Germans are really smart. Although the price of windmill or solar generator are really high, they do subsidize them. In addition, for household solar PV (as you can see above), they have feed-in tariff policy. Basically, when you have excess of electricity from solar PV on your rooftop, you can sell it back to the grid with much higher prices. This is, of course, is a good incentive for people to install solar PV on their rooftop. They will spend less money on buying electricity when their demand is higher than what solar PV can provide, and they get to sell their electricity when their demand is lower than what solar PV can provide. Amazing. Even in the most remote areas, you can still see that several houses have solar PV installed!

‘Beer is so German’, that is why it’s the fourth one!

If it’s a nice day outside, and you walk by the river, you can easily see people drinking beer. While in some countries you cannot drink alcohol until the night comes, alcohol is a part of German culture and daily life. No surprise, when you get invited to a graduation ceremony in the morning, and there are bottles of champagne. Beer is even more special, because there are special beers which are made in specific regions, and become a part of ‘region pride’.

What is really interesting, though, how people drink responsibly (compared to American college students, at least) in Germany. The drinking age in United States is 21, yet you can easily see drunk people on the street at weekend nights. Is it because United States allowing it in older age, thus, people become more tempted to do it, which makes them less likely to drink responsibly? Who knows.

Good transportation system deserves to be the fifth one.

The first time I came to Germany, I was surprised by how good its transportation systems. All the trains look clean and modern, there is clear direction for the tourist in the station, and most of the time, they come on time (the latest the train could come is ~5 minutes for regional train within the city, or ~10 minutes for inter-city train, which don’t happen very often).

Even the land of freedom, United States, cannot beat their trains, subways, trams, and buses. At least in Boston, the subway station sometimes looks sketchy, dirty, and the trams screech loudly. German subways, trains, and trams, on the other hand, move smoothly, and have minimum level of noise.

Murals in Germany are really unexpected to me. So, the sixth one.

Murals, or graffiti is surprisingly common in Germany. On train outer body, on empty houses, on empty walls, you can easily spot on when you are here (especially when you are on the train). They are mostly in English, so you can understand them with no German background. I find it interesting because, Germany, seems to be in order and everything needs to be clean and neat, yet you still can find graffiti in some places.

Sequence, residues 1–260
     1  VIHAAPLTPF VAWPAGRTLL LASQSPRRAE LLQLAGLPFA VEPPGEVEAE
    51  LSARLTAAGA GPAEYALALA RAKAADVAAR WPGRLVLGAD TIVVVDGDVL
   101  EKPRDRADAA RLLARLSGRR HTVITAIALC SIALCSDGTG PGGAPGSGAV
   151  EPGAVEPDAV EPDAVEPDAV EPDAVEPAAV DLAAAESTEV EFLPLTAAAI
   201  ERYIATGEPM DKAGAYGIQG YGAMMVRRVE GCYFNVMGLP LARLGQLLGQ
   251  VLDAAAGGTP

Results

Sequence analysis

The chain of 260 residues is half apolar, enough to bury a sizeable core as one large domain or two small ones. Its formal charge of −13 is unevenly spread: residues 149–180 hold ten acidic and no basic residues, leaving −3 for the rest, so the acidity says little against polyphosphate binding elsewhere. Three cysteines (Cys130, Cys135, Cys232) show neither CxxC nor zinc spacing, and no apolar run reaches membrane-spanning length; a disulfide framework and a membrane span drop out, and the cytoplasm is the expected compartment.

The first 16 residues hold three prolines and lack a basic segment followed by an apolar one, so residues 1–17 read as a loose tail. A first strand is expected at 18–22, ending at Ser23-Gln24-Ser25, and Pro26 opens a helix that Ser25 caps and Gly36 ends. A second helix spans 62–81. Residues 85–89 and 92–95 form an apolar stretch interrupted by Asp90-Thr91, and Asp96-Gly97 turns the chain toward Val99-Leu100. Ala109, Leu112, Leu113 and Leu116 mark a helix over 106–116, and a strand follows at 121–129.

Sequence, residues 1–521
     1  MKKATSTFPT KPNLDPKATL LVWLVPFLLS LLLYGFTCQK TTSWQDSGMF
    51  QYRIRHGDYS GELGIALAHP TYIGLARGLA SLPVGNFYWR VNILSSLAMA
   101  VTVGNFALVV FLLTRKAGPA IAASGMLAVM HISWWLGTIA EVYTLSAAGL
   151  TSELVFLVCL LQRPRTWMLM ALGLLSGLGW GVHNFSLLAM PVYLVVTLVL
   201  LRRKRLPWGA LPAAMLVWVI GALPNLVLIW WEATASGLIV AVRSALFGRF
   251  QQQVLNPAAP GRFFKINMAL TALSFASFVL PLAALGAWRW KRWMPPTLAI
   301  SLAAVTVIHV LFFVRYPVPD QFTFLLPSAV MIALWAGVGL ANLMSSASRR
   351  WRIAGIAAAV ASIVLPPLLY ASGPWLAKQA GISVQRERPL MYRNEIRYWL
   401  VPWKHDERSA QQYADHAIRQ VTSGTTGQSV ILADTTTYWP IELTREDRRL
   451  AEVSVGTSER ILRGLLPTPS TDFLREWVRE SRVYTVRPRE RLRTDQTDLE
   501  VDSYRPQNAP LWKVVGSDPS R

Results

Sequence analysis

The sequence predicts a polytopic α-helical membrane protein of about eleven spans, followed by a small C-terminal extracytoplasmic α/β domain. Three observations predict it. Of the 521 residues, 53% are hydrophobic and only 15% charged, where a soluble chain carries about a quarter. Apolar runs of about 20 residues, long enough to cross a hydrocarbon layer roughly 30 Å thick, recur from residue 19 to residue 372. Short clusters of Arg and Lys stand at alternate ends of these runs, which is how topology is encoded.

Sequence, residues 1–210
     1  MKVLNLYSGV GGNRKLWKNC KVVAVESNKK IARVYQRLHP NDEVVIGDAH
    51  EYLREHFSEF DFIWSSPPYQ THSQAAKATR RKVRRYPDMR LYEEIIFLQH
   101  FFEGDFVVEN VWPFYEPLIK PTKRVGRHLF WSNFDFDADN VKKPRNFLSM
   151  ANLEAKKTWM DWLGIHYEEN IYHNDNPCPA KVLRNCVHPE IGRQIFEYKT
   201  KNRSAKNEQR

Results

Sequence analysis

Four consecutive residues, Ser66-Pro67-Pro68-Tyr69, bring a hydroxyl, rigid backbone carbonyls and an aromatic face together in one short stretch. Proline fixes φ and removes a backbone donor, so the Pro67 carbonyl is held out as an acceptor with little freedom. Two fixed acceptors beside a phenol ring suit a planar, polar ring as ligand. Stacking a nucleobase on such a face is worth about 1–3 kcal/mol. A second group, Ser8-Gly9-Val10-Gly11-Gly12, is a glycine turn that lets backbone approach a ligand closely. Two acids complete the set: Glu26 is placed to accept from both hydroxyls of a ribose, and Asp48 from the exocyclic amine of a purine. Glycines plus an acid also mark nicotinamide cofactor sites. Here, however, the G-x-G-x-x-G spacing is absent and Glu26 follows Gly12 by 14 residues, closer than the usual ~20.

Old buildings, from church to town hall. Seventh!

Old buildings, are everywhere in Europe. In Germany, though, you always need to visit the church and rathaus (town hall). There is always a set of those in a town in Germany, and you can learn a lot about the town from it.

Besides that, there is always a street where it is full of old buildings, or a university that has existed for hundreds of years. Always a good photo spot, and makes you feel thrown back to the past.

Cigarette is the eighth one.

Cigarettes, just like beers, are also really common. You can see the vending machine easily, and in the supermarket as well. There are also smoking areas (a yellow square in the train station platform) in different places, and the park or the front door of central station smells like cigarettes.

In Indonesia, smoking is even more common, but in the United States, I can barely see more than one person smoking at any time. Maybe because the States has stricter regulation on cigarettes?

Best friend for college students: cheap, fulfilling, and delicious. Doner is the last but not the least!

Doner, or kebab, is a Turkish food that has been assimilated to different countries/ cultures around the world. In Germany, there are so many Turkish immigrants, and they bring this to German culture. It costs about 2-3 Euro, it is really big, and there are some places with halal meat. I am not a big fan of lamb, so I usually get the beef one, because it’s worth the money more than the chicken one, agree?

I don’t think I can survive Germany without doner, haha.

So, those are the nine things you notice when you come to Germany. I also went to Groningen, the Netherlands, and Hannover, Germany, in the past two days, and will make sure to write about those soon! Then, what is your version of the first 9 things you notice when you come to Germany?

Bertekuk Lutut di Hadapan Cantiknya Hamburg

I will post in Indonesian this time, feel free to Google Translate it, haha.